One recent semester, Siebert tracked the grades of 17 student laptop addicts. At the end of the term, their average grade was 71 percent, "almost the same as the average for the students who didn't come at all."
Sieber believes that those students, in turn, divert the attention of the students behind them, a parabolic effect she calls the "cone of distraction."
José A. Bowen, dean of the Meadows School of the Arts at Southern Methodist University, is removing computers from lecture halls and urging his colleagues to "teach naked" -- without machines. Bowen says class time should be used for engaging discussion, something that reliance on technology discourages.
Cole surveyed one of his Georgetown classes anonymously after six weeks of laptop-free lectures. Four-fifths said they were more engaged in class discussion. Ninety-five percent admitted that they had used their laptops for "purposes other than taking notes."
Even when used as glorified typewriters, laptops can turn students into witless stenographers, typing a lecture verbatim without listening or understanding.
"The breaking point for me was when I asked a student to comment on an issue, and he said, 'Wait a minute, I want to open my computer,' " said David Goldfrank, a Georgetown history professor. "And I told him, 'I don't want to know what's in your computer. I want to know what's in your head.' "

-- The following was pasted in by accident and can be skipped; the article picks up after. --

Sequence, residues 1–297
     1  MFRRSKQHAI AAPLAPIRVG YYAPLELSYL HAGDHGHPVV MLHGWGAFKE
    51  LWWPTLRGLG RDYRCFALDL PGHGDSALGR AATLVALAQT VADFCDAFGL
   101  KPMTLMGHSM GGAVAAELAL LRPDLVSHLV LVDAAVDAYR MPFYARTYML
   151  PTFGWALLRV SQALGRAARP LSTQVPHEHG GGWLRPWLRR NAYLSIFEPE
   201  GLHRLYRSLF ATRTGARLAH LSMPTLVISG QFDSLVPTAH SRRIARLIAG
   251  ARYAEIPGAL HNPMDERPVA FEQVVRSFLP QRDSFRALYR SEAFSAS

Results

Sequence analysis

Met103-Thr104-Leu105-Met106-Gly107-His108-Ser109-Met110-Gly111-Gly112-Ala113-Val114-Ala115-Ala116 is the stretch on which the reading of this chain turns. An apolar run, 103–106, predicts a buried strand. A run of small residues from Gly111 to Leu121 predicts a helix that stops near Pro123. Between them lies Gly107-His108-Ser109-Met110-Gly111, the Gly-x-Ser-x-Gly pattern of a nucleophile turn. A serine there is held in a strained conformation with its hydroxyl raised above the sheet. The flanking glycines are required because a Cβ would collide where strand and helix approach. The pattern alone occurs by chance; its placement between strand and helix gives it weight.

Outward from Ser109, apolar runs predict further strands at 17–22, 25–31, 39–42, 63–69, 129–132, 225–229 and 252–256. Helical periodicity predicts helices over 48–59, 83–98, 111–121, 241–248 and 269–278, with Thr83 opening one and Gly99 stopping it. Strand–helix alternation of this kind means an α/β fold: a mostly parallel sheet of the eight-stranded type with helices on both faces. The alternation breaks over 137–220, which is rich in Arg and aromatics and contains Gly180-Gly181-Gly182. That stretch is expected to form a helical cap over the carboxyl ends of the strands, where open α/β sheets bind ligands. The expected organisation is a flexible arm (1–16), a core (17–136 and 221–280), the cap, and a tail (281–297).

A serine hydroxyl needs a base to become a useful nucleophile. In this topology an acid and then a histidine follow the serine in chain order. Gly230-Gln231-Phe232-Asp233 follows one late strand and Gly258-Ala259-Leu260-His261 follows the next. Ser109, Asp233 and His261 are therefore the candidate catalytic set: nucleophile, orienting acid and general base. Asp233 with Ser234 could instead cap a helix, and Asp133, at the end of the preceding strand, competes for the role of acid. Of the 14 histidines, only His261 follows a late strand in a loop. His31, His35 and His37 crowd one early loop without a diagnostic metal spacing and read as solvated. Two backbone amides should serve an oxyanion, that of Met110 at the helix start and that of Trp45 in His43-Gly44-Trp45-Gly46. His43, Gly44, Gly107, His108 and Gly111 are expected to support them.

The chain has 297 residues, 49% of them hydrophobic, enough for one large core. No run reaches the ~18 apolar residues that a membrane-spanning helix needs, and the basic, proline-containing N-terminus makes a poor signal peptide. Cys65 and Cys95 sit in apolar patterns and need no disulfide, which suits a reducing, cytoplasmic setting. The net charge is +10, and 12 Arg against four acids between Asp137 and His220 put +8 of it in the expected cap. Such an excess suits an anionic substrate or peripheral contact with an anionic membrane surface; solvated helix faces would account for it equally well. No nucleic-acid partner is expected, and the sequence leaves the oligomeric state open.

Some early attempts to ban laptops met resistance. In 2006, a group of law students at the University of Memphis complained to the American Bar Association, in vain. These days, the restriction is so common that most students take it in stride.
"I think that a professor's well within reason to ban laptops," said Cristina Cardenal, a 20-year-old Georgetown junior. "Professors aren't stupid. They know what's going on." She also happens to believe that the rule benefits students, who should know better than to "pay as much money as we do to sit in a class and read a blog."Flipping a switch
Perhaps no college has experienced the good and bad of laptops like Bentley University in Waltham, Mass. In 1985, Bentley was the first college in the nation to require students to own portable computers. By the late 1990s, professors complained of distracted students. In 2000, the college installed a custom-designed system to let professors switch off Internet and e-mail access in their classrooms. They've flipped the switch "thousands of times," said Bentley's Phillip G. Knutel.
Universities have stopped short of disabling Internet access entirely, which might create a raft of new complaints from professors who routinely ask students to go online in class.
Plenty of professors still allow laptops. Siva Vaidhyanathan, an associate professor of media studies and law at U-Va., generally permits them in his classes. He remembers his own college diversion: reading newspapers surreptitiously on the floor beneath his desk. He believes that, ultimately, it is a professor's job to hold the class's attention.
"If students don't want to pay attention, the laptop is the least of your problems," he said.
Vaidhyanathan, an Internet scholar, senses a losing battle. In an era of iPhones and BlackBerrys, Internet-ready cellphones have become just as prevalent in classrooms as laptops, and equally capable of distraction. If professors had hoped to hermetically seal their teaching space by banning laptops, they might be about three years too late.
"The question 'Laptop or not?' isn't as big a question as the question of a screen or not," he said. "And, sitting in front of 200 students, I can't really enforce a ban on anything."